SPECIAL ADVISORY on The Families First Coronavirus Response Act

The Families First Coronavirus Response Act (the “Act”), enacted March 18, 2020, is unprecedented legislation that mandates no out-of-pocket costs for COVID-19 testing, establishes new federal paid leave programs, supports unemployment benefits, and provides benefits to children and families. This Alert summarizes the key health and mandated leave provisions of the Act that will impact plan sponsors, employers, and employees.

CHEIRON OBSERVATION: The Act is the second in a series of legislation responding to the economic and human crises that have resulted from the coronavirus pandemic. The first (the Coronavirus Preparedness and Response Supplemental Appropriations Act, 2020), was targeted primarily at vaccines, treatment, and prevention as well as expansion of telehealth for Medicare providers. On March 19 the Senate introduced the Coronavirus Aid, Relief, and Economic Security Act or CARES Act, a $1 trillion emergency economic aid proposal that includes cash payments, loans and other relief measures, the provisions of which are subject to change as it works through the House of Representatives.

Impact of the Act on Plan Sponsors

Plan Sponsors will need to comply with the following:

  • Full Cost for COVID-19 Testing: All group and individual health plans are not allowed to require any cost sharing (including deductibles, copayments, and coinsurance) for COVID-19 testing. This includes the test itself as well as the provider office visits (whether in-person or telehealth), urgent care visits, and emergency room visits that result in an order for testing, but only to the extent of the services for testing (that is, other parts of an office visit would be subject to cost-sharing). Prior authorization or other medical management requirements for testing are not allowed.

CHEIRON OBSERVATION:  Major insurers have already implemented measures to comply with these requirements, so employers with fully insured plans will be in compliance. However, plan sponsors with self-insured plans will need to be sure their plans comply with these requirements.

  • Mandated Leave Requirements for Employers with 500 or Fewer Employees: The Act requires employers with 5001 or fewer employees to provide Emergency Medical and Family Paid Leave (EMFPL) and Emergency Paid Sick Leave (EPSL). However, the Department of Labor (DOL) can issue regulations to exempt a small business with fewer than 50 employees if the mandated leave jeopardizes the viability of the business as a going concern. These leaves will be effective April 2, 2020, and end December 31, 2020. The chart at the end of this Alert summarizes the eligibility requirements and benefits for EMFPL and EPSL.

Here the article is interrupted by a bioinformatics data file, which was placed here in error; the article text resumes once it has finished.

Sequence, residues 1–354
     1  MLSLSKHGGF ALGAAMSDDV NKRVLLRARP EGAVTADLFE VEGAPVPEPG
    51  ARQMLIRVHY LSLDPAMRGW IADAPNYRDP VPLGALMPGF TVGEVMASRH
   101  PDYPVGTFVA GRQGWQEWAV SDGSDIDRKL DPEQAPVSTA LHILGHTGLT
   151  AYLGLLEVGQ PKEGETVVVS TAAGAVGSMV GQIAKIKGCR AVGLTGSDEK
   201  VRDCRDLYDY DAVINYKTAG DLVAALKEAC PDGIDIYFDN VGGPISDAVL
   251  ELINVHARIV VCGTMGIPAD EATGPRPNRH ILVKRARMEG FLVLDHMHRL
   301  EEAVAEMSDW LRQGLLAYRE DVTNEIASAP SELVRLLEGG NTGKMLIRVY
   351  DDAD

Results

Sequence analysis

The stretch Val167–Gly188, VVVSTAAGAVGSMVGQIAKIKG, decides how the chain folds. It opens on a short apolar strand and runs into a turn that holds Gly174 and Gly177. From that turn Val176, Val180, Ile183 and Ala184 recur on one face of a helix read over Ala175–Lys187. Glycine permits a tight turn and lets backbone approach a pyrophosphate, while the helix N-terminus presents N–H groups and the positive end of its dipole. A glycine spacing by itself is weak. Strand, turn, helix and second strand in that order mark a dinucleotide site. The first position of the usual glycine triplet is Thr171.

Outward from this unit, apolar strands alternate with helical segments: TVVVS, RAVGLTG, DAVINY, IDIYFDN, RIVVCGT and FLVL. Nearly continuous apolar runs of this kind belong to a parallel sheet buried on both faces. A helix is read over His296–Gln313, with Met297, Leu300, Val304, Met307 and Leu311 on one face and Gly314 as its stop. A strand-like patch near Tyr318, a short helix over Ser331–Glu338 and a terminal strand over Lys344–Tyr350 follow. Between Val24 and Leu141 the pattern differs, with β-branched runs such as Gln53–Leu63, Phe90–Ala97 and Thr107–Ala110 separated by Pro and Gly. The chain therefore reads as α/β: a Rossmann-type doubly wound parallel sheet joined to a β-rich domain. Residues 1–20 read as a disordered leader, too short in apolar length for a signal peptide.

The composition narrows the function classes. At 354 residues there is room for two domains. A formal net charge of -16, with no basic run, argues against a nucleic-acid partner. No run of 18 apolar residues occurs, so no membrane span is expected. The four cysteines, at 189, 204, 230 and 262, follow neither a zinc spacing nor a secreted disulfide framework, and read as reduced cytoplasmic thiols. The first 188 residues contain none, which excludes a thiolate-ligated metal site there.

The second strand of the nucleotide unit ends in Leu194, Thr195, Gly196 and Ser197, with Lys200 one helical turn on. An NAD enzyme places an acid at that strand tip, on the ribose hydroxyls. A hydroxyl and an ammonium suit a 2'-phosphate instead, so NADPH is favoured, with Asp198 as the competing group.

Employers must front the costs of these leaves, but ultimately will receive payroll tax credits to reimburse for the cost of the benefits. The tax credit for sick leave will be increased by the amount of the employer’s qualified health plan expenses that are properly allocable to the qualified sick leave wages for which the credit is allowed. 

An employer subject to a collective bargaining agreement (CBA) may, consistent with its bargaining obligations, comply with the EFMPL and the Emergency Paid Sick Leave through a multiemployer fund, plan, or program based on the paid leave each of its employees is entitled to while working under the CBA, provided the fund provides the required paid sick leave.

An employer of an employee who is a health care provider or an emergency responder may elect to exclude such employee from the EFMPL and Emergency Sick Paid Sick Leave benefits.

CHEIRON OBSERVATIONS: The EFMPL & EPSL provides several challenges for employers and plan sponsors:

  • Paying for the additional leaves up front with the payroll tax credit coming later with the employer tax filings
  • Separately tracking leave taken on account of COVID-19 from other leave taken
  • Coordinating the new federal  leaves with the employer’s existing leave policies  and short-term disability benefits
  • Managing potential overlapping eligibility under the EFMPL& EPSL leaves
  • Compliance with the EFMPL and EPSL’s requirements may require changes to collective bargaining agreements
  • Multiemployer plans may have challenges supporting the EFMPL & EPSL because some employers could be exempt.  In addition, many multiemployer plans do not routinely have pay/wage information for each participant 
  • Employers of 500 or more employees are not required to provide the additional sick leave or paid leave due to COVID-19, leaving larger employers with flexibility on what to offer and paying for any such additional leave on their own with no tax credit

Impact on Participants and Other Individuals

Individuals will see the following benefits from the Act:

  • No cost share for COVID-19 Testing. This includes Medicare, Medicaid, TRICARE, CHIP, Indian Health Services, as well as group health plans. Note, however, that treatment of COVID-19 will generally be subject to the plan’s normal cost-sharing provisions